From The Earth – Contemporary Indigenous Ceramics from Alice Springs Pottery, Ernabella, Hermannsburg Potters, and Tiwi Islands Gallery One, JamFactory Adelaide 13 December 2008 – 25 January 2009
Reviewed by Christine Nicholls for World Sculpture News, Hong Kong
From the Earth is a survey exhibition of contemporary Indigenous Australian ceramics from the Tiwi Islands (situated off the north coast of Australia) and also from Hermannsburg, Ernabella Arts, and Alice Springs Pottery in Central Australia. It features works by established and emerging artists, some of whom have now specialized in ceramics for a considerable length of time.
To the best of my knowledge this is a genuinely groundbreaking exhibition: the first occasion on which Indigenous Australian pottery from Australia’s northern seabord as well as from diverse locations in the Central Desert region have been displayed in a group exhibition. From the Earth, showing in the principal gallery of Adelaide’s highly regarded JamFactory, gives audiences an opportunity to consider and perhaps appraise distinctive regional and personal differences in style, technique and practice. At the same time the exhibition shines the spotlight on certain commonalities evident in these diverse approaches to pottery making.
The accomplished John Patrick Kelantumama, a senior Tiwi man who is affiliated with Tiwi Design based at Nguiu on Bathurst Island, has worked as a professional potter for more than three decades now. Beginning his long and successful career as an apprentice with Tiwi pottery in 1976, today Kelantumama is recognized nationally as a master potter. Kelantumama’s Purrukupali, fashioned from earthenware and metal with underglaze decoration, depicting the legendary Purrukapali with his infant son Jinani, is an immediate, vivid and touching work. This compelling work relates to the major Tiwi narrative of how death came to be visited upon Tiwi Islanders.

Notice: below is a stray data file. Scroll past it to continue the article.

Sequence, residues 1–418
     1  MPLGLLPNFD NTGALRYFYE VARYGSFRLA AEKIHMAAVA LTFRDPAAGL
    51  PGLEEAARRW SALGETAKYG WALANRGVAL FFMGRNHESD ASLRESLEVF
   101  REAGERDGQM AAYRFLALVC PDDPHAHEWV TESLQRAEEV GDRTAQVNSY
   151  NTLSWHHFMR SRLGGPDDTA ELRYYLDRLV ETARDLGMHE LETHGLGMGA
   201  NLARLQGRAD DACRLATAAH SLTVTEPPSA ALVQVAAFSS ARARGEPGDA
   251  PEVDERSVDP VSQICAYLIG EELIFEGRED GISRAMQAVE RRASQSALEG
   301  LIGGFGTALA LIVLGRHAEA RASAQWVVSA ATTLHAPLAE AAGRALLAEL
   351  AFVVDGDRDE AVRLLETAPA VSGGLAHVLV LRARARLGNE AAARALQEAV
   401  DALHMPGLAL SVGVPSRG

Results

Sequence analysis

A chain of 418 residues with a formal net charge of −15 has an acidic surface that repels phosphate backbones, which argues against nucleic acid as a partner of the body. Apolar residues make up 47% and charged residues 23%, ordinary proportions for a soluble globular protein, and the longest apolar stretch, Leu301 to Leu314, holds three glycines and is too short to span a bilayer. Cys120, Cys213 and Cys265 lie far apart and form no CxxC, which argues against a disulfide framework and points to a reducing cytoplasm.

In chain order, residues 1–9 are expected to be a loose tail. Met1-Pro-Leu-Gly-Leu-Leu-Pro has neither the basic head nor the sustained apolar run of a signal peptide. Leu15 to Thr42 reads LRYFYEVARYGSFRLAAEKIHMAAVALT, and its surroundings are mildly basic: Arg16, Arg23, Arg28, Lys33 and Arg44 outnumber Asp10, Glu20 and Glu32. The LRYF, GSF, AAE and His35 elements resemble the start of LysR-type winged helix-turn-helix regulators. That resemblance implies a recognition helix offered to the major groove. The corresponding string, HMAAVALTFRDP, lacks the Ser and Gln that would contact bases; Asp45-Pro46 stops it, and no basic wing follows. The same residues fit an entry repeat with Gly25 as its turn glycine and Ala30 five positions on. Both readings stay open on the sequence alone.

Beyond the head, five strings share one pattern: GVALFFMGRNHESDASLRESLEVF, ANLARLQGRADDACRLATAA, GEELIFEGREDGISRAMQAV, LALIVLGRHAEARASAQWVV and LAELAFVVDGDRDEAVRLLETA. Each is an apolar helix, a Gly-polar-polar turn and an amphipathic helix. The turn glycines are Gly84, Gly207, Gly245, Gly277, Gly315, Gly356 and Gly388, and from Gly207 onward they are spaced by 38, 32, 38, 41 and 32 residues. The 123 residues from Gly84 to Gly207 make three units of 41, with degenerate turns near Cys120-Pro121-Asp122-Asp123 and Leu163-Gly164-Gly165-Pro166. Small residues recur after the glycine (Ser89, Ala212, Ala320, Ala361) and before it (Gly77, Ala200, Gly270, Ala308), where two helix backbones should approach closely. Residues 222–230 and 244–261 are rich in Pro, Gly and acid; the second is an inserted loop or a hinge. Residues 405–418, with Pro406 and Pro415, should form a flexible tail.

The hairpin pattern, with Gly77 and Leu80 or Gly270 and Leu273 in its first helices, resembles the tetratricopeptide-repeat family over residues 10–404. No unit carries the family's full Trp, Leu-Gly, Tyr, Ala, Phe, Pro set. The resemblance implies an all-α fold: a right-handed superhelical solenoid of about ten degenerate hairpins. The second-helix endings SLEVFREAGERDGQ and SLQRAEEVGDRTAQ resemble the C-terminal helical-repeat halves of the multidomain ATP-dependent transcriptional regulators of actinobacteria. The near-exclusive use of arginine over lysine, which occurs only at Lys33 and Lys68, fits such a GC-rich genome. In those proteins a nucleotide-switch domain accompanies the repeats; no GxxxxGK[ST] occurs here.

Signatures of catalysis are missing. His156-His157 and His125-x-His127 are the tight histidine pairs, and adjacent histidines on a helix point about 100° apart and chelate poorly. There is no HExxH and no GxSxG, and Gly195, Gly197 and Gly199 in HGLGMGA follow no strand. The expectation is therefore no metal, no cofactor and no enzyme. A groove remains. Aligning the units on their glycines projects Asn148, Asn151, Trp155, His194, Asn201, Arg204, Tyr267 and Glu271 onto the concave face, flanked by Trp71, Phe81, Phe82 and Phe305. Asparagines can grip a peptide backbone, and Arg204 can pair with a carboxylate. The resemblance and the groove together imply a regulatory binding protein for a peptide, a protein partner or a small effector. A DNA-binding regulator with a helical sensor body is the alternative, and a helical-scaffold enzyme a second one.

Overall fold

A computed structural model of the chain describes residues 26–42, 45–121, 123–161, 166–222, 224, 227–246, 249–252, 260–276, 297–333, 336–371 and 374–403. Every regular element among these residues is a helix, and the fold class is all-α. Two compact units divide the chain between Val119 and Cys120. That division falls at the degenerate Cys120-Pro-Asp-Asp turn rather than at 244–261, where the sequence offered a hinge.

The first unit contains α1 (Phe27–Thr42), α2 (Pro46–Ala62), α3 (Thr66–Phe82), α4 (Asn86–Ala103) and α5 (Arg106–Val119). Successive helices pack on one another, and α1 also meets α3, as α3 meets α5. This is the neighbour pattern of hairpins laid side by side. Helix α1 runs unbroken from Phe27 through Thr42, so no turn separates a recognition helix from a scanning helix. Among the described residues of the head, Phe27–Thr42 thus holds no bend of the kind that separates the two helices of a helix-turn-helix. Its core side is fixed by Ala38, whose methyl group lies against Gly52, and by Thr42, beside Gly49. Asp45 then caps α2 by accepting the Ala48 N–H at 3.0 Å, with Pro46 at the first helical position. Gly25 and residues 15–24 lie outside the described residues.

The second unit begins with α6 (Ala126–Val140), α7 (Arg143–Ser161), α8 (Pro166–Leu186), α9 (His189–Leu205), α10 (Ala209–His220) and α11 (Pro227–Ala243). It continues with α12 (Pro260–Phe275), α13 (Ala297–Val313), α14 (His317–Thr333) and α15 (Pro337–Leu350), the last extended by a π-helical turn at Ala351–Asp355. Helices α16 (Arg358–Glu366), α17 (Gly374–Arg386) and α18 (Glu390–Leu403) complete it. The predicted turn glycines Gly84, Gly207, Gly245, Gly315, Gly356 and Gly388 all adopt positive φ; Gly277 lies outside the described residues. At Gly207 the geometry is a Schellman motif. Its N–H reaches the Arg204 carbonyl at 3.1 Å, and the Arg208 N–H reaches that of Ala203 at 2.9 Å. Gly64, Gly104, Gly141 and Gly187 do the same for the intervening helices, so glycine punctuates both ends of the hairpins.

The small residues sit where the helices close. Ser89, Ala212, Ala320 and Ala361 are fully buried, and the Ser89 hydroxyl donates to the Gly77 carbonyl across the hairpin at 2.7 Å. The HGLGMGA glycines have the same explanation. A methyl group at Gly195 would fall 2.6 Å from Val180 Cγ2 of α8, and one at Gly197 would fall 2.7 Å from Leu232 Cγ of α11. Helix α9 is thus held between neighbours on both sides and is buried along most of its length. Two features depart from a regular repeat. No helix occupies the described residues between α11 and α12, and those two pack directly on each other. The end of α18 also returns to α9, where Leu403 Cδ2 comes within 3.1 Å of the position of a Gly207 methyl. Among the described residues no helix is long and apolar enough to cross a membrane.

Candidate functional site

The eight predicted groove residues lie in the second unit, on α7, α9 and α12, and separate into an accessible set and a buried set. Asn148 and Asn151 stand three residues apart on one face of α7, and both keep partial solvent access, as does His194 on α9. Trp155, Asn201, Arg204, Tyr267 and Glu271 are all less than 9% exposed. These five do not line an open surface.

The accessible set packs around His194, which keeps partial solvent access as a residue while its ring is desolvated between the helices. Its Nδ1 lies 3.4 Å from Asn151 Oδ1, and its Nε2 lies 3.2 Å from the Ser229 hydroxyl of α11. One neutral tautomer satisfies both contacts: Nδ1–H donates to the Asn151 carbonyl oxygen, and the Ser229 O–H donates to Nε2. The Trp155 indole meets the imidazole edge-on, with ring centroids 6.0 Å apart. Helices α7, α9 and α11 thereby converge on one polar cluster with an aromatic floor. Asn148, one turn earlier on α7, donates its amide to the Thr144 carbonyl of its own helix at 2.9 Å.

That story goes that after some years of marriage to the old man Purrukapali, Bima, his much younger wife, entered into a ‘hot’ sexual liaison with Japara, her husband’s younger brother. One fateful day the adulterous couple, who habitually left baby Jinani under the shade of an ironwood tree while they went about their sexual romp, forgot about the baby. Returning late on the same afternoon Bima found that her baby son had died underneath the tree – the sun had swung around exposing the child to its strong rays, killing him. This unleashed an entire sequence of violent and desperately sad events that are still, to this day, played out in the ceremonial lives, particularly in the funerary rites, of the Tiwi.
There are more splendid ceramic works relating to the same extended Tiwi narrative on display in From the Earth. Included among these are Mark Virgil Puautjimi’s Japara (Moon Man), depicting Purrukapali’s younger brother Japara who was transformed into the moon as a result of his transgressions. Lunar craters are understood to be the scars left on Japara’s face – resulting from the fight unto death that took place between the two brothers in the wake of the cuckolded Purrukapali’s devastating discovery of his wife’s adulterous liaison and the consequent death of his infant son Jinani. Cyril James Kerinauia’s marvellous Moonman and his Bima and Jinani also relate to this narrative. The major players in this ancient Tiwi drama of crime and punishment have been rendered with wonderfully wild, spiky ceramic hair. This bestows upon them a somewhat neo-Gothic air – notwithstanding the fact that these ceramic sculptures are rendered in such bright colours. Given the base treachery, violence and originary ills underlying this Tiwi narrative, the protagonists’ ‘feral’ head-dresses seem quite fitting.